"I really don't like my name, actually," says Daisy Disease. "There's a girl in Middlesborough called Germaine Leer. I wish I had a feminist or literary pun like that."
Angela Dalrymple, a 38-year-old truck driver with a knuckleduster earring, is captain of the Auld Reekie Roller Girls and skates as Armalite Angie. She explains the simple reason behind her name: "I'm into guns."
Once you have chosen your skate name you register it on twoevils.org, an international website which compiles the names of almost 18,000 roller girls. No two skaters are allowed to have the same name; it's increasingly difficult to choose something good as the sport is growing fast. It has its origins in Depression-era America but the current revival dates back to 2001. There are leagues in Glasgow, Edinburgh, Aberdeen, Perth and Dundee. The Auld Reekie Roller Girls, founded just over a year ago, have around 70 members ranging in age from late teens to 40s.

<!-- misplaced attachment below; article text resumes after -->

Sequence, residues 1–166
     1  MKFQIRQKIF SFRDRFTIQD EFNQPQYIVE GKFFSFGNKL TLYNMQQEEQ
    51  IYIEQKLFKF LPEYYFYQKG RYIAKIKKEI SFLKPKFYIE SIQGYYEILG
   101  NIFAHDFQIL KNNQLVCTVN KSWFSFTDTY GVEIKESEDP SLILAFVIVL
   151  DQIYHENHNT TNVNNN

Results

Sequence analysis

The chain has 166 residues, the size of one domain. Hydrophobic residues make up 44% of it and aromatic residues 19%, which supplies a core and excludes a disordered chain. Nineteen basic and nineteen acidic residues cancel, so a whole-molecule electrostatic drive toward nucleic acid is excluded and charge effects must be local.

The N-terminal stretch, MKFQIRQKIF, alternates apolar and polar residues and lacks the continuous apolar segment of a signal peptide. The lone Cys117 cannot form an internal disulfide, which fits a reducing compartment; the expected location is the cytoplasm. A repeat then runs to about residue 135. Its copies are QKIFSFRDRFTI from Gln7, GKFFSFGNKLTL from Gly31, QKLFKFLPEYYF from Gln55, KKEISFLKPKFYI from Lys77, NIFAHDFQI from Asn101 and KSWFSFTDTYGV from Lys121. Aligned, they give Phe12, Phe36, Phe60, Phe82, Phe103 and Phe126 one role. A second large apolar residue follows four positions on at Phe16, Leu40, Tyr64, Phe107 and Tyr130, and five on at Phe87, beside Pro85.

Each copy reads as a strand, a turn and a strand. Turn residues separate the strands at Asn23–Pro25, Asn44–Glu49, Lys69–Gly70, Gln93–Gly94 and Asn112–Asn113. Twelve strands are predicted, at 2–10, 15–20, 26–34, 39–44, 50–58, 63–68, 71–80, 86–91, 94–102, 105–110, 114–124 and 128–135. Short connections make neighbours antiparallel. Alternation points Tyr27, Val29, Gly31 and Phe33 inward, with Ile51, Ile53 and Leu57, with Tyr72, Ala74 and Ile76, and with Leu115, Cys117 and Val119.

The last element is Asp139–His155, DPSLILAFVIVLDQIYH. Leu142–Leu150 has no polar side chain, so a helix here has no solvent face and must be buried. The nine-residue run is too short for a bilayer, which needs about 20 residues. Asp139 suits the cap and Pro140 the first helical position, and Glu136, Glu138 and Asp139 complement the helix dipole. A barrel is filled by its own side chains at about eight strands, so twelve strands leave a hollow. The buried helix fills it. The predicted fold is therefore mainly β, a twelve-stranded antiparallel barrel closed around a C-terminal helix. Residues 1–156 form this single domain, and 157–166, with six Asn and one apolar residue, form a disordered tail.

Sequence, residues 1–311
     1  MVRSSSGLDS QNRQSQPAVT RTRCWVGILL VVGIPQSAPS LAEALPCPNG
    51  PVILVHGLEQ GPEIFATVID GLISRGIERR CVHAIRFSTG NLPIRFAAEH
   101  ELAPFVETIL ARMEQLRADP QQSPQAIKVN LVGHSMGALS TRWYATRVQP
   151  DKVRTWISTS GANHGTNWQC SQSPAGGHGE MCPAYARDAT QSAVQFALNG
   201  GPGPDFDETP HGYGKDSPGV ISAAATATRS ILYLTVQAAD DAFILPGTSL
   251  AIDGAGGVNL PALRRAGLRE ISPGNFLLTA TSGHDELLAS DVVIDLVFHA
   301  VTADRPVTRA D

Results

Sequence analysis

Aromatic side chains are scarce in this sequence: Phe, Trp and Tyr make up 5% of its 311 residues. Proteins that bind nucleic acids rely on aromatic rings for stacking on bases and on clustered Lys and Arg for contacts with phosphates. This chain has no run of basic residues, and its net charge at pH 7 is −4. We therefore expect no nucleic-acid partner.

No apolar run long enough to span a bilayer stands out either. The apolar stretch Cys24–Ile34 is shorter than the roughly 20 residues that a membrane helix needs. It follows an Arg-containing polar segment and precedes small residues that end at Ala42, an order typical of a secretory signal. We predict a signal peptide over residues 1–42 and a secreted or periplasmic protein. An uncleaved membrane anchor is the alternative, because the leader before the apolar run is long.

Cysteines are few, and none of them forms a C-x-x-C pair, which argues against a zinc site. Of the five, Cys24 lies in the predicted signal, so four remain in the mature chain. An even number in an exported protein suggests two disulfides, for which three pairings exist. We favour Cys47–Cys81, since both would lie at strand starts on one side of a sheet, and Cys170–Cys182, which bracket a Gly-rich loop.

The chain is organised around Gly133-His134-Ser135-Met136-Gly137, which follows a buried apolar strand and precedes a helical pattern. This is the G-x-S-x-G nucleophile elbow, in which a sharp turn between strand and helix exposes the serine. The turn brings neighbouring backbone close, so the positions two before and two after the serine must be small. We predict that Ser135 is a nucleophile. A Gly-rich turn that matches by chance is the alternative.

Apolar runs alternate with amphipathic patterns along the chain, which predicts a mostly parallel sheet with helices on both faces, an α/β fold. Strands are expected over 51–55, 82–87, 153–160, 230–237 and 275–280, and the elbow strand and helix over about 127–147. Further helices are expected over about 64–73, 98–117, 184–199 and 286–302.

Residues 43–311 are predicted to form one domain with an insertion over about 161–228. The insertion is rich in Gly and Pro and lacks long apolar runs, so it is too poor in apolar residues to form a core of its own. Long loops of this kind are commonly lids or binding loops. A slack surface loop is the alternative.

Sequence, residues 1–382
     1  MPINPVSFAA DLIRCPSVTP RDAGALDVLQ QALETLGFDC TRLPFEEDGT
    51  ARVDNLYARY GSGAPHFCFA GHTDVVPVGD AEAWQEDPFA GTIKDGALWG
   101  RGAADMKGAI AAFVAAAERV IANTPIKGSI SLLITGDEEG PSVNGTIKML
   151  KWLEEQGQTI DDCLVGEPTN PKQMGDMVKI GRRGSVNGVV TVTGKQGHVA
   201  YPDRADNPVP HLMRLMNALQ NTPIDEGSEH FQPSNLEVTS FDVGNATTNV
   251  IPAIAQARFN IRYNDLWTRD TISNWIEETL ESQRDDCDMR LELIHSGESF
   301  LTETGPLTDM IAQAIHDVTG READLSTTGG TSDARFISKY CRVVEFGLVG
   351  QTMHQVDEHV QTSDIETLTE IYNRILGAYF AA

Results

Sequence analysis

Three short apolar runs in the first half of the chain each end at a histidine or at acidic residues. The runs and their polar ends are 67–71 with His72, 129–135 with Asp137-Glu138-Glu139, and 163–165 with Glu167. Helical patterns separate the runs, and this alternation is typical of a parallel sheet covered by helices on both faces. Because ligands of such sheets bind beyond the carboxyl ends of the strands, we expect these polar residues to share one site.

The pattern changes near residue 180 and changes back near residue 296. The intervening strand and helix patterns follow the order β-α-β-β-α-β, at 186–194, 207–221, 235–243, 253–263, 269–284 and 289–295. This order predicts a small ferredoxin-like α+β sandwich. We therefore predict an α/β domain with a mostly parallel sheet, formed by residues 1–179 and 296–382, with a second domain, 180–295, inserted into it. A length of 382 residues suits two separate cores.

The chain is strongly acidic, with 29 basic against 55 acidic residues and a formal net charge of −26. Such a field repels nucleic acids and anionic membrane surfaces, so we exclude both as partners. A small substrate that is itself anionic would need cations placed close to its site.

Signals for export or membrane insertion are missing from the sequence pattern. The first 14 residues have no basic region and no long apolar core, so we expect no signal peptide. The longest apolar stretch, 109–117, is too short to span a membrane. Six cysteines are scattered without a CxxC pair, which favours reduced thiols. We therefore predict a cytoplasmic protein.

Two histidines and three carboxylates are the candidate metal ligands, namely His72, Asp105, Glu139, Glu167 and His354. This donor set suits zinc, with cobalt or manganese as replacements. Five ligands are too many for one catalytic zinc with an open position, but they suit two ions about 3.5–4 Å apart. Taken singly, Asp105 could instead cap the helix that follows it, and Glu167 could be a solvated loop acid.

Roller derby, like sex and free jazz, sounds pretty flat when described on the page. You might as well try to surmise the grandeur of Buachaille Etive Mor from the contour lines alone. But here goes. Four players from each of two teams make up a pack that skates round an oval track at high speed. Two "jammers" – one from each team – score points by attempting skate through or round the pack and lap the other players. Skaters within the pack will attempt to help their jammer get through while simultaneously blocking the jammer from the other team. This blocking takes the form of smashing into other players with the hips and shoulders.
Unsurprisingly, given the speed and aggression of play, it's quite common to get hurt. Bruises are worn with pride as trophies; some American teams even post photos of their injuries online. Tonight is the first time in three months that Armalite Angie has been on skates – "I'd a serious injury to my meniscus and my anterior cruciate ligaments." Or, to put it in English: "My leg would go one way and my knee would go the other."